In Tape Op #36, I reviewed the panel traps that RealTraps used to manufacture out of wood. In issue #38, Larry Crane reviewed RealTraps MiniTraps, which performed so well (while being easy to ship) that the company stopped making the wood panel traps. Since then, RealTraps partners Ethan Winer and Doug Ferrara have added MondoTraps and MicroTraps to their line. The MondoTraps are similar in construction to MiniTraps in that they're made of panels of rigid acoustic insulation bonded to a limp-mass membrane, wrapped in cloth, and framed in metal. (This design increases low- frequency absorption by more than half over plain rigid fiberglass of the same density and thickness.) You may recall in my review of the original wooden traps that even after installation of the bass traps, I still had a fairly big "hole" in the frequency response of my control room between 63-72 Hz due to the axial dimension of the room. I wanted to "fill in" that hole a bit and also reduce the rear wall reflections for band members sitting on the couch in the back of the room. Therefore, over the course of a few months, I ordered and installed six MiniTraps and three MondoTraps for my control room, and more for my live room. My first test was to place a single MondoTrap in the floor-to-wall corner at the front of the control room, hidden on the far side of the recording console. Using my trusty Terrasonde ATB-1, I generated tones at 1 Hz intervals and measured the response before and after placement of the MondoTrap. I was surprised at how effective that single trap was at filling in my low-end hole. Between 44-89 Hz, the bass response went up an average of 3 dB. After the rest of the traps were mounted (some on the rear wall and wall-to-ceiling corners, and some on the front) another set of measurements showed an increase in bass response of 5-7 dB throughout most of that same range. Furthermore, my secondary goal, reducing the rear-wall reflections for the couch-bound band members, was achieved. Imaging and bass response on the couch were discernibly improved. I can't say enough about how awesome RealTraps products are. I'm convinced that they're the most cost-effective off-the-shelf means of treating a small room for low-end acoustics. When people ask me what gear they should buy to improve the sound of their home or project studio recordings, I tell them to buy RealTraps bass traps, because a room with crappy acoustics will give you crappy recordings, no matter what mic or compressor you use. Check out the RealTraps website for all sorts of new additions to the company's product line, including gobos, stands, and even built-in SoffitTraps. Volume discounts and room kits are also explained on the website. ($299.99 direct for a single MondoTrap;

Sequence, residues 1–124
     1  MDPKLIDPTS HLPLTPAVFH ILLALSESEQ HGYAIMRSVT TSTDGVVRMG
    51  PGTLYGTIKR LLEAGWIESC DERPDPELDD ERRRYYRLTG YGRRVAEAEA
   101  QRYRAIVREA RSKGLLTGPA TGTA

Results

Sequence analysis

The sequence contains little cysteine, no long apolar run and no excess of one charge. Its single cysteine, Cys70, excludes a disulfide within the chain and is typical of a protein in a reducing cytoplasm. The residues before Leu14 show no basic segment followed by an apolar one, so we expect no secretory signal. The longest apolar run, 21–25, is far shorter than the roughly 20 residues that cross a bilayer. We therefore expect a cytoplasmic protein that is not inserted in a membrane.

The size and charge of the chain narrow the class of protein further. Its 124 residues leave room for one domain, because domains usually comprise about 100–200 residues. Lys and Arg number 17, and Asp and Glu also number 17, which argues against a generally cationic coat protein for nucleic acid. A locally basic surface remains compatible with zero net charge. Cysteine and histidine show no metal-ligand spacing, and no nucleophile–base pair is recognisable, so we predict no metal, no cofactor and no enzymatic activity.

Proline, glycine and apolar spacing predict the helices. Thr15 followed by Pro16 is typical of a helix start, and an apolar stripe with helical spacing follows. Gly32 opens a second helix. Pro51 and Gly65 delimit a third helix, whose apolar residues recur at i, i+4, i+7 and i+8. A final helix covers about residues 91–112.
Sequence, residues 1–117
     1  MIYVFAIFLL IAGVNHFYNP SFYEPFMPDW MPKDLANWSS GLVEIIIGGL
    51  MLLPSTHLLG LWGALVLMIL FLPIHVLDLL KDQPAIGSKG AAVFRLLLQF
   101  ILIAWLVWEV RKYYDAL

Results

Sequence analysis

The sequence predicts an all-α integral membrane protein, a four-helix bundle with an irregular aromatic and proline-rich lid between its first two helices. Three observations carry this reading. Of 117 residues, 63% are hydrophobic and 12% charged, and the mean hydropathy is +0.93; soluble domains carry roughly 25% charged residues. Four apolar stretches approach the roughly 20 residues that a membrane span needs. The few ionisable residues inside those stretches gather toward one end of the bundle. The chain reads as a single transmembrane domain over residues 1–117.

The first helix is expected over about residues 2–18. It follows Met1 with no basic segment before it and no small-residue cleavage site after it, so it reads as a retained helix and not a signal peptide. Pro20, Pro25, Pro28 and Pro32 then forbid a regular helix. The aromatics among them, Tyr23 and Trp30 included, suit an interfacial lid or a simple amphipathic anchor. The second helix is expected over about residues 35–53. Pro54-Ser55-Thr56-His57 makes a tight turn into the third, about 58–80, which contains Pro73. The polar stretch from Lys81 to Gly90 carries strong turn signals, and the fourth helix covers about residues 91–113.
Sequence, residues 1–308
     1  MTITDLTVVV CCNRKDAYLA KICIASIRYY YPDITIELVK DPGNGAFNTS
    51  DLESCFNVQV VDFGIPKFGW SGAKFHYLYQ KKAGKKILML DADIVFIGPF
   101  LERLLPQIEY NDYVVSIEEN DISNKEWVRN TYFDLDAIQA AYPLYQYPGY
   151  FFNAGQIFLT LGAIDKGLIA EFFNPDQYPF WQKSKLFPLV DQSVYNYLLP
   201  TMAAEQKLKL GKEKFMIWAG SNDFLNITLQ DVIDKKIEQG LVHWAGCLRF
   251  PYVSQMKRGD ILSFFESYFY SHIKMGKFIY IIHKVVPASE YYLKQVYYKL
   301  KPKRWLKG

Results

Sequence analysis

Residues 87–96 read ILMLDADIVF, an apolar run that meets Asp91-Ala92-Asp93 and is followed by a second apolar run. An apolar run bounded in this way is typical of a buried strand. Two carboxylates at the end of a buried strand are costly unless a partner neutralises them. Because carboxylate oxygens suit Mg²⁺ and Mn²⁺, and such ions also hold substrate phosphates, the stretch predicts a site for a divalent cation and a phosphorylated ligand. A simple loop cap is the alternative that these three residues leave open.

Tape Op is a bi-monthly magazine devoted to the art of record making.

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